GIT – The purpose of this guide is to provide the reader with enough knowledge to configure with a basic NAT/Firewall setup, allowing you to your internet connection between all your computers with only one IP address, and to protect your network from hackers.

This is not intended to be an exhaustive guide, merely a reasonably in depth introduction to get you off on the right foot as painlessly as possible.

You will have to modify this guide somewhat to match your particular network configuration. Here are the settings I use for this guide:

xl0 – External (internet facing) interface. Change to suit your configuration.

xl1 – Internal (inside network) interface. Change to suit your configuration. – Internal network address space/netmask. Change to suit your configuration. – Generic internet address space/netmask. Leave this alone, unless you really know what you’re doing.


FreeBSD installed and configured on a system with two (identical) NIC’s

You must rebuild your kernel with the following options, but do not reboot yet:



OPTIONS PFIL_HOOKS (5.0 – 5.2.1)


Section A – Configuring rc.conf

There are several options that you must insert into your /etc/rc.conf to tell your system at boot time to enable itself to route packets between interfaces, to load the ipnat and ipfilter software you compiled into your kernel, and where to find the rules for ipfilter and ipnat. Open up your /etc/rc.conf with your favorite editor and insert the following options:

#Enable routing packets between interfaces


#Bring up the ipfilter software


#Tell ipfilter where to get its rules


#Enable ipnat


#Tell ipnat where to get its rules


Section B – Configuring NAT (ipnat.rules)

Now you must configure your rules for NAT (Network Address Translation). NAT allows many computers to access the Internet with only one IP address by mapping the internal IP addresses to the external address, sending the data out, and routing replies from the internet back to the internal system. All the work is done on the system running NAT. All you have to do on the client machine is set its default gateway to the internal IP of the system that you are setting up as a router/firewall.

The configuration file for the IPNAT software on your system will be /etc/ipnat.rules, as set above in /etc/rc.conf. The syntax is pretty straightforward. For the purposes of this guide I will use a very simple ruleset. You can learn more advanced rules by reading the information linked to in the “Further Reading” section of this guide.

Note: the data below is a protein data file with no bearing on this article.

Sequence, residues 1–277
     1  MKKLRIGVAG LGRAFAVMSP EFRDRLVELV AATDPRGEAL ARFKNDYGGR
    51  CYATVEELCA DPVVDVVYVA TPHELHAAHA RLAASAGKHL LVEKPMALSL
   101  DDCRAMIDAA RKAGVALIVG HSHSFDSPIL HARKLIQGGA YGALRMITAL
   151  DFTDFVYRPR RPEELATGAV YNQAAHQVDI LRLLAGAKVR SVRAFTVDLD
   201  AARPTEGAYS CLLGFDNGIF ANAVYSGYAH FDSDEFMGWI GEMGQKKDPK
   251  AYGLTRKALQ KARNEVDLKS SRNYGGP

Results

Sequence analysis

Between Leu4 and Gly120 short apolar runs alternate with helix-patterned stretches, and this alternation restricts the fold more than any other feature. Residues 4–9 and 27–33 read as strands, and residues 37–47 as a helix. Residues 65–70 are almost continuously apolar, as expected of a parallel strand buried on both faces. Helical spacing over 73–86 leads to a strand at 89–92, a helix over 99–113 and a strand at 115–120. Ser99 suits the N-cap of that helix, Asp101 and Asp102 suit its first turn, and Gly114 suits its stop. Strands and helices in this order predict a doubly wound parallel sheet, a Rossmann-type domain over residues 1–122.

Below is a sample ipnat.conf file. Keep in mind that xl0 is my EXTERNAL (Internet Facing) interface, and that is my internal subnet. You must change the xl0 and the to match your hardware and network configuration. The first two lines handle support, and must be in this precise order to allow to work properly. The third line will translate everything else.

map xl0 -> proxy port ftp ftp/tcp

map xl0 -> portmap tcp/udp 1025:65000

map xl0 ->

You can read the commands like this “Map, on the xl0 (external) interface, the network to the network (the internet) … etc”. As you read the additional material referenced below, you will learn more advanced techniques such as redirect (rdr), however, that is outside of the scope of this guide.

You may use the ipnat command to control the ipnat software, view active mappings and statistics after you have completed this guide and rebooted (however, do not reboot yet).

Section C – Building your firewall ruleset (ipf.rules)

Now, you must build the rules for your firewall. This will be responsible for blocking or passing data through your network. IPFILTER also handles the state table. If it accepts a packet, and the rule that accepts it tells the firewall to keep state, an entry will be placed into your systems state table. Keeping state is essential to keeping connections from your client computers to the outside world alive. Any connection kept open in the state table will bypass the entire firewall ruleset. Don’t worry, it will have to have been accepted to be placed in the state table in the first place.

So, open up /etc/ipf.rules in you editor of choice, and we shall jump in.

IPFILTER rules are pretty easy to understand. They are pretty much in plain english, and make sense if you have half a clue about what your doing.

The first rules I will show you will handle keeping connection state.

pass out quick on xl0 proto tcp all keep state

pass out quick on xl0 proto udp all keep state

pass out quick on xl0 proto icmp all keep state

What these rules do are pass out packets on the xl0 (which is my external interface, change it to match yours) that use the specified protocols (tcp/udp/icmp) and keep state on those connections. If you are browsing a website on a computer behind your firewall, when the computer sends that packet out to the webserver being accessed, the state table will allow reply packets back in to computer you are browsing on.